Ronson made a 45-minute documentary about the boxes, including a tour of Kubrick's estate and the various box storage locations. He even interviews the writer of one of the "crank letters" sent to (and kept by) Kubrick. Kubrick had simply written "crank" on it and filed it away.

This is a terrific watch for anyone interested in filmmaking, Kubrick, or—let's face it—storing stuff in boxes. There's even a segment about half an hour in about how Kubrick worked out the optimal size for a box and its lid, then had them custom-made. Enjoy:

If you're not into the whole video thing, check out Ronson's feature for The Guardian on the same subject.

[h/t: Kottke.]

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YouTube // AmericanExperiencePBS
Tuesday on American Experience: Tesla
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YouTube // AmericanExperiencePBS

Airing Tuesday night (October, 18, 2016) on PBS stations around the U.S., American Experience presents Tesla, a documentary following Nikola Tesla's life and work. Check your local listings for times, though in most markets the show airs at 9pm. (It will also be on PBS's streaming channels starting October 19.) Here's a 30-second preview:

In American Experience's new hour-long documentary Tesla, we see a portrait of Nikola Tesla, the visionary inventor who is now known as "the patron saint of geeks."

As a lifelong geek, I went into this documentary with a sudden realization: I don't actually know much about Tesla as a person. Sure, I've seen Tesla Coils and I've read about all the wireless energy stuff, but who was this guy? Where did he come from? An hour with this PBS special answers those questions and many more. Here's the first seven minutes of the documentary, just to get you started:

The first thing that jumped out at me while watching this film is that I've been pronouncing Nikola Tesla's first name incorrectly. Watch the clip above—it's properly pronounced "nih-COLE-uh," though some of the experts in the film use the more typical American pronunciation stressing the first syllable.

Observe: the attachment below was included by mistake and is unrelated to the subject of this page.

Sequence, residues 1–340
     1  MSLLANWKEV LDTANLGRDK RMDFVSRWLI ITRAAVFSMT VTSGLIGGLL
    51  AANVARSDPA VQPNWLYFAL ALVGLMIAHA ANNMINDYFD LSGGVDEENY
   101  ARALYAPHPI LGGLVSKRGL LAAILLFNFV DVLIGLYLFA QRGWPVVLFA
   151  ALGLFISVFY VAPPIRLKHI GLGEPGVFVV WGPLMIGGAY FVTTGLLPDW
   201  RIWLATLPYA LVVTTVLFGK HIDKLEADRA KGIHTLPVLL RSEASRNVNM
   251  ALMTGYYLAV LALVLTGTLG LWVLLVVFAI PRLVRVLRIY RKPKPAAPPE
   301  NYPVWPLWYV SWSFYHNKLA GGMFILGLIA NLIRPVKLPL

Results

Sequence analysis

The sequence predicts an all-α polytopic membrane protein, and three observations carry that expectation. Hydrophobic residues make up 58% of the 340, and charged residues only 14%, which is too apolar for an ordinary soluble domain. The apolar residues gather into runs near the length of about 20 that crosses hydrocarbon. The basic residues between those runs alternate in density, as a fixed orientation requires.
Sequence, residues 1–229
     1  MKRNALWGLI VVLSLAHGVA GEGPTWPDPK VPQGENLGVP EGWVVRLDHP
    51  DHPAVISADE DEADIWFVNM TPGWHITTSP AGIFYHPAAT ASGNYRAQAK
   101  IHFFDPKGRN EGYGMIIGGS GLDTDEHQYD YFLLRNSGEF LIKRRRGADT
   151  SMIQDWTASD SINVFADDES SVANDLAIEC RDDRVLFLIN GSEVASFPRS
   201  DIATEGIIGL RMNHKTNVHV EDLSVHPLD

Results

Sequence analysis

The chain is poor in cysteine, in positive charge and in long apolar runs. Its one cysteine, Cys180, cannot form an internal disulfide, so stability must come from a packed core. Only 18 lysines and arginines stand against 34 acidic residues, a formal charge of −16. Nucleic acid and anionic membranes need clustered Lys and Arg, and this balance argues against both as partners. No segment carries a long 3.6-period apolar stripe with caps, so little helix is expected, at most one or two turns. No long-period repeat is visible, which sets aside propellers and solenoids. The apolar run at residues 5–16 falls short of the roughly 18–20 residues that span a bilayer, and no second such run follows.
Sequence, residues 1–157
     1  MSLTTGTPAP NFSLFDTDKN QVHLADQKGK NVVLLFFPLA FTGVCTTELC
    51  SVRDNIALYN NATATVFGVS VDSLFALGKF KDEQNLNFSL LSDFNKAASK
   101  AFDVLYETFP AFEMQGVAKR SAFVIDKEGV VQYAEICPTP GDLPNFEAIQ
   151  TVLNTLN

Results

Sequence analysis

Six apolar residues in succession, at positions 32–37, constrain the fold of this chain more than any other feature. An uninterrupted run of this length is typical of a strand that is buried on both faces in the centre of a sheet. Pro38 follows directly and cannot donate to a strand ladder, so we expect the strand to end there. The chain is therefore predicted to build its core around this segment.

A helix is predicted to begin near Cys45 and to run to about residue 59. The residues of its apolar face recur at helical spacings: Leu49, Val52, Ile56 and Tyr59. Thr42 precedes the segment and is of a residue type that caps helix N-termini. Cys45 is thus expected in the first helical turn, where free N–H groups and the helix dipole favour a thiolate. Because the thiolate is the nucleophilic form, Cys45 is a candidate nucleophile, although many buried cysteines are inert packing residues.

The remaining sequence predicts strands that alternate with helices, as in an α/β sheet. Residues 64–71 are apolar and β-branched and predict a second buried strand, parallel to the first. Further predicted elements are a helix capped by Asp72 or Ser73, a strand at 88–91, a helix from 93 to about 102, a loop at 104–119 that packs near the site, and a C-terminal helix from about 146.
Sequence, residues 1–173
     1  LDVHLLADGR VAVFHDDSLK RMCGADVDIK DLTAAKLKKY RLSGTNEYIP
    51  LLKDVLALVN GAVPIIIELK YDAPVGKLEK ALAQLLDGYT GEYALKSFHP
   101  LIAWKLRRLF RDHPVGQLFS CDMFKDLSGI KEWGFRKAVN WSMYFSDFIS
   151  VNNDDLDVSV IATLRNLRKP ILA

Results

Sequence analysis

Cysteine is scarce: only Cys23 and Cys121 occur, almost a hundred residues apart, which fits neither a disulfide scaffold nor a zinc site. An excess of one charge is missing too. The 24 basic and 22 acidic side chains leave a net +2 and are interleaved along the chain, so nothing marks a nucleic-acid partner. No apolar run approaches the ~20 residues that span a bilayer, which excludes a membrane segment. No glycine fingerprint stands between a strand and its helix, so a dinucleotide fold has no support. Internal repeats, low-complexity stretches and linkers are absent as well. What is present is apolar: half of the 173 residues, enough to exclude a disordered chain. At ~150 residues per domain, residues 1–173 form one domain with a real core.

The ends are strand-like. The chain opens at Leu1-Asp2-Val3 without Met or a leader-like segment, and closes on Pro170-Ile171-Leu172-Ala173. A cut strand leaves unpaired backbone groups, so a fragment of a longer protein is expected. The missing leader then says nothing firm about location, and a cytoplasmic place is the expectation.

Aside from learning the man's name, I was surprised to learn that his first invention was a hook designed to catch frogs (and an invention soon after was a "motor" powered by June bugs). But his first breakthrough invention was of course the AC (Alternating Current) motor, and much of the AC-related infrastructure to go with it.

The documentary paints Tesla as a man of great talent and vision, but with fundamentally flawed business sense. Time after time, he makes bad business deals or wastes money, then finds his technical progress stymied by lack of funding. Perhaps as a consequence of this frustration, he goes off the rails mentally from time to time, as in his later years claiming to have received communications from Mars, or falling in love with a pigeon. It also seems clear that he suffered from psychiatric disorders that today could probably be treated, but in the 1800s and early 1900s forced him to engage in repetitive behavior and avoid much human contact.

In any case, Tesla is a fantastic exploration of the human story behind the legend. My only complaint is that I wish it were longer. (Okay, one more complaint: I would've loved to learn why he often posed for pictures with his right hand to his face.)

HOW TO WATCH THE FILM

Tesla premieres Tuesday night (October 18, 2016) on PBS stations around the U.S. It will then begin streaming on October 19 on the PBS streaming apps.

WHAT TO DO WHILE YOU WAIT FOR TUESDAY NIGHT

You should really watch Edison online (for free, legally!) for a counterpoint. Edison and Tesla were contemporaries, and Tesla actually worked for Edison early on, both in Paris and the U.S. These two films together give us a view of the importance of an inventor's vision paired with his ability to run a business. The two men are fundamentally different both in their approach to invention and business, and it's worthwhile to compare and contrast. (Incidentally, Open Culture has a roundup of the 23 American Experience documentaries you can currently stream online—that's one way to fill up your lunch breaks for the next month!)